The "knowing/understanding" that "the Law is not laid down for the just, etc…" seems to imply that some people--like Timothy--recognize and value the just character of God's Law, and therefore can lead by a righteous example among others, not falling under the sanctions of God. Those who use the law lawfully, unlike murderers, kidnappers, homosexuals, etc…, are those who use the Law in accordance with the gospel of the glory of the blessed God with which Paul was entrusted.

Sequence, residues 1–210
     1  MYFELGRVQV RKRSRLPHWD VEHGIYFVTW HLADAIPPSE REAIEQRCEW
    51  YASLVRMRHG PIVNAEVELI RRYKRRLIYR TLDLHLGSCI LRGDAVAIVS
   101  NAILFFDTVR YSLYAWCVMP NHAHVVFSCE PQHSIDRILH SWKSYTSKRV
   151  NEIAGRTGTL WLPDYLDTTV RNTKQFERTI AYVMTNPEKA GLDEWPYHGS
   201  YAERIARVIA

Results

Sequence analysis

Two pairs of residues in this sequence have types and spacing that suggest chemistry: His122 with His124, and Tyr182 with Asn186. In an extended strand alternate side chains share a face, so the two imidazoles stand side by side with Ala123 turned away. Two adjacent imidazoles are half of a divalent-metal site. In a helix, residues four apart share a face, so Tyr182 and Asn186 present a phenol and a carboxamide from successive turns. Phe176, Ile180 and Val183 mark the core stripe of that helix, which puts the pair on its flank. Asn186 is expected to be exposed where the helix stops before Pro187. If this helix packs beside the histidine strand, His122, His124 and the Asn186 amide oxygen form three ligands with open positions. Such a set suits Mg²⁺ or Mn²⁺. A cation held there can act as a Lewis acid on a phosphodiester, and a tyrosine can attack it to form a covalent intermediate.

As you mentioned in passing in your blog post, the context is about men teaching divergent doctrine. Timothy is receiving instructions of this sort from Paul because, according to the previous verse, "certain persons" have "swerved" from stewardship in the Word of God by using "the Law" unlawfully, "promoting speculations," "devoting themselves to myths and endless genealogies," having "wandered away into vain discussion, desiring to be teachers of the law, without understanding either what they are saying or the things about which they make confident assertions." I may be reaching a bit in saying this, but the references to genealogies, myths, and teachers of "the Law" sounds a lot like certain Jewish "teachers." If that is correct, they were using the Law unlawfully, and therefore were worthy of God's sanctions. Timothy, of course, could only impose sanctions which were lawful within ecclesiastical jurisdiction.